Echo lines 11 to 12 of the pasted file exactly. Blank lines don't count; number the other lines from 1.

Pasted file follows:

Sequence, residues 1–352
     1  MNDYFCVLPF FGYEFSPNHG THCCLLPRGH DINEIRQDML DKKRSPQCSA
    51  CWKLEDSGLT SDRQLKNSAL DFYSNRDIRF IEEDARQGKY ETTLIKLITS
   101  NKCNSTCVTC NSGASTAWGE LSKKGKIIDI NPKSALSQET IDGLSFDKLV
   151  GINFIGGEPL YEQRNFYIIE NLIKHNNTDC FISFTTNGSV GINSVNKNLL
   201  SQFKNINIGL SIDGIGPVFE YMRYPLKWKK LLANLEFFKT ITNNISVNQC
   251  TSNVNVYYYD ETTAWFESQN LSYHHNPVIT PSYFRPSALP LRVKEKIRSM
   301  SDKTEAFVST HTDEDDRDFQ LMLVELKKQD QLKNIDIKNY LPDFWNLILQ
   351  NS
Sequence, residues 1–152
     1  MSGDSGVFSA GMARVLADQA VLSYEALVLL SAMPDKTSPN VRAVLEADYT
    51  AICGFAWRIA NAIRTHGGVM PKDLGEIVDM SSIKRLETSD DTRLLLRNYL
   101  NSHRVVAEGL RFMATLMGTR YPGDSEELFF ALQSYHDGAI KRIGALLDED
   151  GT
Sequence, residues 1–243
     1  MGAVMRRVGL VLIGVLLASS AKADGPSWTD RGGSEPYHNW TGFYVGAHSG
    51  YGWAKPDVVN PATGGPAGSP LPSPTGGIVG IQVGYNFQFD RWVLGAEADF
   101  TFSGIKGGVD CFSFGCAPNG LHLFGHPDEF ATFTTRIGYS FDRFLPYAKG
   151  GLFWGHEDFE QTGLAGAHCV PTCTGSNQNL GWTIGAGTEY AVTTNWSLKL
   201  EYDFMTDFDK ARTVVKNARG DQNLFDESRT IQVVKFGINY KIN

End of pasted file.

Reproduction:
     1  MSGDSGVFSA GMARVLADQA VLSYEALVLL SAMPDKTSPN VRAVLEADYT
    51  AICGFAWRIA NAIRTHGGVM PKDLGEIVDM SSIKRLETSD DTRLLLRNYL